What Washington gave me in place of not having a summer program, was a self proclaimed "Autism Therapist." After four sessions into her therapy and personally witnessing her slamming my child into his chair, whiplashing another student, and having zero progress with another, I pulled my child out. She grabbed my arm forcefully as I was leaving with my family, seething with anger and tried to intimidate me saying, “your child is a hard one.” A call to CPS should have been made, but I vowed to focus solely on my son’s healing and not get bogged down in lawsuits or "he-said, she-said" accusations.
Without a doubt, the best programs in Washington pale in comparison to the worst programs in New York. If that were not the case, I wouldn’t be foreclosing on a half-million dollar horse farm, recovering from a divorce or given away most of my things.
My studies and conversations with other parents and personal experiences have led me to the conclusion that the state you are in will define your child’s future.
As stated, lawmakers are continuing to hash things out, but these changes will not make an immediate difference when it comes to hands-on therapy. So if your state does happen to pass laws handing out cash or institute legislative mandates, there is the secondary issue of finding the properly trained persons to address the therapies and services that are being funded.
Don’t believe people just because they are in an administrative or authoritative positions. They are not all bad, but the majority lack the proper knowledge and training. There’s no excuse since the research has been completed and proven.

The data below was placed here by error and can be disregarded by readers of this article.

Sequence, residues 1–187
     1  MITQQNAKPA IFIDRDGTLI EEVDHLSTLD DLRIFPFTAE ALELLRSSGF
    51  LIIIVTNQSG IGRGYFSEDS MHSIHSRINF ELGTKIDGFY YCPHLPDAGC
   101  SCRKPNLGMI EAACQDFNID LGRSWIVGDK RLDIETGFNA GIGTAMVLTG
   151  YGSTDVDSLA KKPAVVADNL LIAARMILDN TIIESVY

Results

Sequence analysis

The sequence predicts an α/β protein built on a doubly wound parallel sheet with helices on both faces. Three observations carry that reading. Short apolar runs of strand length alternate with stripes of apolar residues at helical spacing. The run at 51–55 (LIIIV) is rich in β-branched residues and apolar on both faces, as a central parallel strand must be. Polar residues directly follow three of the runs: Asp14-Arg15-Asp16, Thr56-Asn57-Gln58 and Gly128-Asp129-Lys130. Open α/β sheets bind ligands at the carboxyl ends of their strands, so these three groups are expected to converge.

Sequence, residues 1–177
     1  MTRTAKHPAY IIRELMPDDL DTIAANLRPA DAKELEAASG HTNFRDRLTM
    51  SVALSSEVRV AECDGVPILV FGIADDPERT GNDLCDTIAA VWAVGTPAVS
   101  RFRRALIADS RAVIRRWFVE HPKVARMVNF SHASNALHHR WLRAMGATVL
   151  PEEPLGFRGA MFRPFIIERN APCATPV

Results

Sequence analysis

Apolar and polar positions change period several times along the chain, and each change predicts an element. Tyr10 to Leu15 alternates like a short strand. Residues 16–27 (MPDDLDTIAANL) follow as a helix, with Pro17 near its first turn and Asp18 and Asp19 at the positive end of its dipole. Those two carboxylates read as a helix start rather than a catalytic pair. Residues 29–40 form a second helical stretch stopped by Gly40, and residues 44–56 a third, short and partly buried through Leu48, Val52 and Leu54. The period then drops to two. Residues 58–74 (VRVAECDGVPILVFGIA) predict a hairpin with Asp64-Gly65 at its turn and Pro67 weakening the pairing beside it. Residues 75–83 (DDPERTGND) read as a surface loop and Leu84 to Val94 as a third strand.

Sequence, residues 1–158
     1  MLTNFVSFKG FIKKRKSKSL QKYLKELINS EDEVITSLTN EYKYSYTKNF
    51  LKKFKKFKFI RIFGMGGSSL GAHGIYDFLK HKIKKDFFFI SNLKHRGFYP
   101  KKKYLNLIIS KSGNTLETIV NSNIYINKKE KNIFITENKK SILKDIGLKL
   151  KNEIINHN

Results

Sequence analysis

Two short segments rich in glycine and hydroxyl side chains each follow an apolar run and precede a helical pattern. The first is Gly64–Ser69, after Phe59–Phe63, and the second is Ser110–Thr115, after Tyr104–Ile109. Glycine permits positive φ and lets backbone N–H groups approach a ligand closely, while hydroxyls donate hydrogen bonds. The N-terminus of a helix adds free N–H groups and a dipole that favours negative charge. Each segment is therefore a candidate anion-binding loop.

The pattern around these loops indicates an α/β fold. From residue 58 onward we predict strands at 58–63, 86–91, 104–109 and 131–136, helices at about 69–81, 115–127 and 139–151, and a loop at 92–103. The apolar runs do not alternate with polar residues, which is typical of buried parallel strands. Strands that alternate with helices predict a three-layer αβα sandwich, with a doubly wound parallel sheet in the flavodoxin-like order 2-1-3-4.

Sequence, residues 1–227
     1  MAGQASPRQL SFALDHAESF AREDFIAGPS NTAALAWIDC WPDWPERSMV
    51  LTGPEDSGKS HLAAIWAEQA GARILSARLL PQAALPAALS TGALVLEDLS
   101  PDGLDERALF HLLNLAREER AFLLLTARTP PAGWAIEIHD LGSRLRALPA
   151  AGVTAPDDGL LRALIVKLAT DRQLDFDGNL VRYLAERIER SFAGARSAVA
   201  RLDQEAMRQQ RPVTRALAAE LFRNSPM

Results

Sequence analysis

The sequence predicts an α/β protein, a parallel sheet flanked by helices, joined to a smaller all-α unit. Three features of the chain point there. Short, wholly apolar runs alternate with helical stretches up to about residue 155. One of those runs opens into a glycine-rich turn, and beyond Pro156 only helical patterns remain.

Your child doesn’t have a lot of time. Moving to a state where resources are available five days a week through a school system should be strongly considered. You need to have access to an agency like Enable, who will bring ABA into your home well after the early intervention period is over.
Forty-percent of non-verbal autistic children will never speak. My son was almost one of them. This high percentage is directly linked to the lack of trained persons and no access to accommodating services in the majority of our states..
I cannot explain the joy I felt when two months of New York-style therapy brought out my son’s full speech at three years old. Now, thanks to the great state of New York and the SPICE program, I can finally hear him tell me and write his likes, dislikes, feeling, and fears.
Most importantly, he hugs me, kisses me and says, “I love you mommy, I really love you, I love you forever and ever!”
Washington State left my son and I with little hope when I was told, “he’s a hard one." In only 9 short months, the services provided by New York caused me to receive daily progress reports and happy handwritten pictures expressing my son’s love for me.
It’s treasures like these that make moving 3,000 miles away, along with countless other sacrifices, all worth it in the end.